The National Capital Planning Commission voted to approve the design of the Dwight D. Eisenhower Memorial Thursday, despite disapproval from the Eisenhower family and Congress' pledge not to fund the design.

In a nearly unanimous decision, the 12-member commission responsible for federal planning in Washington approved the final design by renown architect Frank Gehry. The final design includes a tapestry approximately 80 feet high and 447 feet long, two free-standing columns, and a memorial core.

The memorial, to be near the Department of Education in Washington, also would feature two sculptures of Eisenhower. One would depict him as a young boy and would overlook the memorial, while another in the memorial's core would show Eisenhower in the Oval Office surrounded by advisers. The design also includes tapestries featuring Eisenhower's hometown of Abilene, Kan., and plans to include Kansas plants and prairie-like grass.

Presenting the final design, the commission's Jennifer Hirsch said the design's concept is to "commemorate Eisenhower as military general as well as president of the United States, but also to commemorate the humble way he approached this role."

However, the design has drawn the ire of the Eisenhower family. In 2012, Eisenhower's son, John S.D. Eisenhower, wrote in a letter that Gehry's original design was "too extravagant." Following his complaint and similar ones from the former president's grandchildren, Gehry slightly edited his design, namely removing two freestanding tapestries.

Yet the final design, released in October 2014, hasn't met the family's approval. "As we see it, this design does not address the major problems identified by many stakeholders, including our family," granddaughters Anne and Susan Eisenhower wrote in a letter to the Dwight D. Eisenhower Memorial Commission.

The two called for either nixing the design's towering tapestry and pillars or creating an entirely new design.

The Eisenhower family has found a powerful ally in its disapproval: Congress.

Congress has made clear it has no intention to fund the memorial, which is expected to cost an estimated $142 million.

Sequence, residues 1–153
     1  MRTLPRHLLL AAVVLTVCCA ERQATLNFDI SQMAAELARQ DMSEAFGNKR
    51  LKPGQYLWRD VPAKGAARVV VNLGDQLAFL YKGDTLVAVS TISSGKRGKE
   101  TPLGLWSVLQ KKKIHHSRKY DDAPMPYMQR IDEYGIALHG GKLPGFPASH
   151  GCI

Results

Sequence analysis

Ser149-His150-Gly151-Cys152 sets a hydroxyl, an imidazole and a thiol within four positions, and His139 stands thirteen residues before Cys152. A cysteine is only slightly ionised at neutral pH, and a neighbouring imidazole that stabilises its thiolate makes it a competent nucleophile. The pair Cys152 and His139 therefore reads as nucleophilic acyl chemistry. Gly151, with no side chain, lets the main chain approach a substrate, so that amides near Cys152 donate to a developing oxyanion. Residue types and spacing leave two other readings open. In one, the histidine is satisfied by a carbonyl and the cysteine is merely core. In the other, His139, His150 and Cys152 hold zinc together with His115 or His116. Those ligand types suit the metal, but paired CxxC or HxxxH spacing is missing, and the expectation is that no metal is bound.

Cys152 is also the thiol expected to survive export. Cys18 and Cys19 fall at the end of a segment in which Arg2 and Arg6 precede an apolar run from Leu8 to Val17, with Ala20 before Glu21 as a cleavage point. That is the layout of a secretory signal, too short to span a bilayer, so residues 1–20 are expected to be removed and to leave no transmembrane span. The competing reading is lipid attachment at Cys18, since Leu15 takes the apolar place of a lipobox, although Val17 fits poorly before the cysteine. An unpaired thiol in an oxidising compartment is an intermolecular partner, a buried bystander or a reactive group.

"Whether or not the current design is approved by the commission has little relevance to the prospects of congressional funding," Rep. Rob Bishop, R-Utah, recently said. Bishop is chairman of the House Natural Resources Committee, which oversees the memorial.

A bill in the House Appropriations Committee has pledged no funds to the memorial in fiscal 2016, citing the disputes over the design.

"It is inconceivable and unacceptable to the committee that a memorial to Dwight D. Eisenhower could be designed, approved and built without the active support of the Eisenhower family," the bill reads. The bill accuses the memorial's commission of disregarding "legitimate issues raised by the Eisenhower family over the size, scope and values reflected in the memorial's design."

The bill calls for either a new design of the memorial or an overhaul of the memorial commission's staff.

Similar legislation in the Senate Appropriations Committee allocates just $1 million in 2016 to keep the memorial's commission operating, but includes no construction funding.

"Construction should not commence until there is broad support among the public, the Eisenhower family and Congress," the Senate bill states.

A lack of congressional funding would require the commission to fund the entire memorial from private funds. But the commission has an "anemic fundraising record," according to the House Appropriations bill text. It notes that the commission has raised less than $450,000.

Planning commissioners did not address the funding issues before voting to approve the design Thursday. Two members said it has taken too long for the designs to be finalized, highlighting the 16 years it has taken to reach this point. The memorial was first authorized by the Congress in 1999, with its location chosen in 2006. The first designs were completed in 2011.